Recently, Concert Pharmaceuticals (CNCE) announced that it might have some potential problems with respect to its drug CTP-543. That's because the Patent Trial and Appeal Board (PTAB) of the U.S. Patent and Trademark Office did not want to give a review of Concert's petition to challenge the validity of the patent given to Incyte Pharmaceuticals (INCY). That's because CTP-543 is a deuterated ruxolitinib analog like Incyte's Jakafi.
Currently, Concert Pharmaceuticals is working on treating patients with alopecia areata using CTP-543. Alopecia areata is an autoimmune disease where hair loss occurs over time with bald patches. The good news is that the company can continue with this lead indication. It is currently in a phase 2 clinical trial for alopecia areata, and the results are not yet known. Still, because the company gave its guidance that it can still work on this indication using CTP-543 without infringing on Incyte's patents it is good news. Why is this drug important for the company? That's because the alopecia areata market is expected to be a $11.8 billion market by 2024. It is imperative that Concert can at least advance this drug to completion. The patent news unfortunately overshadowed the fact that CTP-543 was given fast track designation by the FDA. The reason why this drug received this designation is because alopecia areata is a huge unmet need. The benefit of a fast track designation is the ability to speed up the review process for the drug.
The company is moving on with the alopecia areata indication, but targeting any other indication using CTP-543 remains a huge unknown. Concert has two options. It can either go to Federal Court to contest Incyte's patents or it could make a deal with Incyte that would be far more beneficial. In terms of going to Federal Court it is highly risky. That's because the court is likely to side more with those who have already filed a patent for a deuterated ruxolitinib analog drug. There might be a small chance the Federal Court could rule in favor for Concert, but that is a huge long shot. The second option would be to garner a deal like Concert did with Vertex Pharmaceuticals (VRTX). What Concert did with CTP-656 is that it sold the drug to Vertex in order to make a deal with it. The deal was that Concert would get up to $250 million per the deal. That was broken down into $160 million upfront, and then $90 million in milestone payments. The good thing about this route is that it avoids a legal battle which could take years and cost a lot of money. The downside is that Concert lost out on any potential royalties on future sales for CTP-656. What I believe that Concert should do is garner a deal with Incyte for CTP-543. Although, I think that it should attempt to not only get an upfront payment, but at least obtain some kind of a royalty deal. The argument can be made that it would be win-win situation for both companies. Of course, the deal involved could be one where Concert could obtain rights for CTP-543 in alopecia areata without any dispute. In my opinion, this would be the best course of action. This is especially true considering that Concert already has other compounds in the pipeline that are partnered out with other pharmaceutical companies. For instance, Concert has already partnered with Jazz Pharmaceuticals (JAZZ), Celgene (CELG), and Avanir Pharmaceuticals. In either case, Concert still has a good pipeline of drugs.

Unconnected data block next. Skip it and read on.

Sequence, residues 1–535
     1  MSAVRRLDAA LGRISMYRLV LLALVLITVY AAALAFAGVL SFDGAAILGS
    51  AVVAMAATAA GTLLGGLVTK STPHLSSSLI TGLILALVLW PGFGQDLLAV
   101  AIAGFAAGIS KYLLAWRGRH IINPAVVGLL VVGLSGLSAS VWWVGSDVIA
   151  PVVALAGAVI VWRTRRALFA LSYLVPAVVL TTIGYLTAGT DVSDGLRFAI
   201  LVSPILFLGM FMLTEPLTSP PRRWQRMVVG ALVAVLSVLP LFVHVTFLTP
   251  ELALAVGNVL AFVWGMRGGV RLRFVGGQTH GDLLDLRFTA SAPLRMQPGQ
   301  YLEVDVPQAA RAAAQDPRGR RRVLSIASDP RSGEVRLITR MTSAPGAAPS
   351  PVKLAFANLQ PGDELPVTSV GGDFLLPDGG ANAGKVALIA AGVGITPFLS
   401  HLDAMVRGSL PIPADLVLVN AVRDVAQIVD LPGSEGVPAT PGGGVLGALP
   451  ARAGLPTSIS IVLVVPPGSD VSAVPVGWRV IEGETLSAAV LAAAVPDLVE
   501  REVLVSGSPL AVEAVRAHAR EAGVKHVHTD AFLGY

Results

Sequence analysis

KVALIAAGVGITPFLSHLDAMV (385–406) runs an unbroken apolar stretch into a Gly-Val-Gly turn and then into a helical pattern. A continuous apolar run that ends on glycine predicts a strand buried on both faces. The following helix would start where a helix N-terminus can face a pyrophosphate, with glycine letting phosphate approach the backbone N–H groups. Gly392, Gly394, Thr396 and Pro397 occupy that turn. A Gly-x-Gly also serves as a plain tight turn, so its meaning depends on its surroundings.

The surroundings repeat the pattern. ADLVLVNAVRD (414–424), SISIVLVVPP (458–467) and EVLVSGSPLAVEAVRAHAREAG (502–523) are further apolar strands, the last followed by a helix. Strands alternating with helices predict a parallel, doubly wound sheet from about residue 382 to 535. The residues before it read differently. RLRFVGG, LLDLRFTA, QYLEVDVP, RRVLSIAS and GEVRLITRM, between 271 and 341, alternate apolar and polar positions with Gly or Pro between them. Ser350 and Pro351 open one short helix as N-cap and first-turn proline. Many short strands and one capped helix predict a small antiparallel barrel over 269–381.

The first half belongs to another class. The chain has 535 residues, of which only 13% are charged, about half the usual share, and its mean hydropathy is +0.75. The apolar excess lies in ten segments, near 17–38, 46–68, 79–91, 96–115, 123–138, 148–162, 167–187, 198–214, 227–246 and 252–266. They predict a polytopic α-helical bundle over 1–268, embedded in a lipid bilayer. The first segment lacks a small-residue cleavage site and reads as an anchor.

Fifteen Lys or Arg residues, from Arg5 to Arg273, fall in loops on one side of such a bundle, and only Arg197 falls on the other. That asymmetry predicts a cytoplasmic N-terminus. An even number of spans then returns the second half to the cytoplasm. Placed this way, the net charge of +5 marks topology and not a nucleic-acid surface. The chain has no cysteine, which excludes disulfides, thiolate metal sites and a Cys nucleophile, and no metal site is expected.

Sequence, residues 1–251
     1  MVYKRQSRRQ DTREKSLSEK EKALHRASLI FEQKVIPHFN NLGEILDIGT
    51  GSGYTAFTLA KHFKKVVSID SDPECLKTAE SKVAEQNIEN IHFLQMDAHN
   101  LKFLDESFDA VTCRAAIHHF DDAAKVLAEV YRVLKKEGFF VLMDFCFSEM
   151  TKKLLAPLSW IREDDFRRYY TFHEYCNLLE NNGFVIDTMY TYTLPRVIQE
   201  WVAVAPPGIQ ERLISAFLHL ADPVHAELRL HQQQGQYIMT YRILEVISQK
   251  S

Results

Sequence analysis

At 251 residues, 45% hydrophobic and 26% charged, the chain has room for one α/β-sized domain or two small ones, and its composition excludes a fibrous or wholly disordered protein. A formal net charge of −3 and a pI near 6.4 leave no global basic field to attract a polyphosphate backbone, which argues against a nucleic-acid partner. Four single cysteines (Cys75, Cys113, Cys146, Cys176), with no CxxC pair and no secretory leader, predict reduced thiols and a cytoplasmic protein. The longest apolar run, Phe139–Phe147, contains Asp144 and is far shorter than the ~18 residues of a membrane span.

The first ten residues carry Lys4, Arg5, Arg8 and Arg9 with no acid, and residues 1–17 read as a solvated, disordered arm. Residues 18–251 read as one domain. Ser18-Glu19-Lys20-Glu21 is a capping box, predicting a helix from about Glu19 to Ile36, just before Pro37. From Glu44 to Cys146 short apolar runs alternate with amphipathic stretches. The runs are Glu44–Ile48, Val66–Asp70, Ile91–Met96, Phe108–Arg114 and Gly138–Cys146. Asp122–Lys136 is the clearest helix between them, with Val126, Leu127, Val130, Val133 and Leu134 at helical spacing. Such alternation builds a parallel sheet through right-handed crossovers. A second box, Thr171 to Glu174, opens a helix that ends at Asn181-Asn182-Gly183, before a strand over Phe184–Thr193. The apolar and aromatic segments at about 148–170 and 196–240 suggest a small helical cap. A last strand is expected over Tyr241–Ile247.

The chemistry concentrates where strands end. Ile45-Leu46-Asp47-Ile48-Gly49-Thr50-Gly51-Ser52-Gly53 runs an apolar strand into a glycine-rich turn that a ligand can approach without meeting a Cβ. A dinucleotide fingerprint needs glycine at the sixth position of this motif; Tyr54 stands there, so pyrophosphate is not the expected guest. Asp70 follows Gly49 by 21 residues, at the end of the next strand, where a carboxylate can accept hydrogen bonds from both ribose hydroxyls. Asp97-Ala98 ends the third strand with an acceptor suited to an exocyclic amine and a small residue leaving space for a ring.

According to the 10-Q SEC filing Concert Pharmaceuticals has cash and cash equivalents of $207.1 million as of September 30, 2017. That may not seem like a lot of cash, but truth be told the company is set for many years from now. That's because Concert expects to have enough cash until 2021. That's around 4 years worth of cash, and that means that investors won't be put at risk for any type of dilution. Even better, Concert has already repaid its loan to Hercules Capital. The venture debt of $30.8 million was repaid to Hercules Capital in September of 2017. That means that agreement has now been completed, and Concert doesn't owe money to Hercules Capital.
One of the biggest risks is if Concert Pharmaceuticals completely loses the next patent battle in Federal court. Then it might have to attempt to make a deal with Incyte for the patent issues. The final risk would involve some of the partnered programs. The drugs that were partnered with Celgene and Jazz have been stuck in limbo in a phase 1 trial for many years. These are risky assets, because there is no guarantee that they will be advanced into phase 2 trials.
The drop in Concert Pharmaceuticals due to the patent issue might be highly overblown. As I have outlined there are other ways the company can still profit from the asset despite losing the patent battle in Federal court. That was evidenced by the deal that Concert made with Vertex Pharmaceuticals for CTP-656. Although, it is my hope that should another situation arise like that, Concert would at least attempt to obtain some type of royalties on net sales.
This article is published by Terry Chrisomalis, who runs the Biotech Analysis Central pharmaceutical investment research service on Seeking Alpha Marketplace. If you like what you read here and would like to subscribe to my Service, I'm currently offering a two-week free trial period for subscribers to take advantage of. My service offers deep dive analysis of many pharmaceutical companies throughout the biotech sector. Come see for yourself if my service is right for you.
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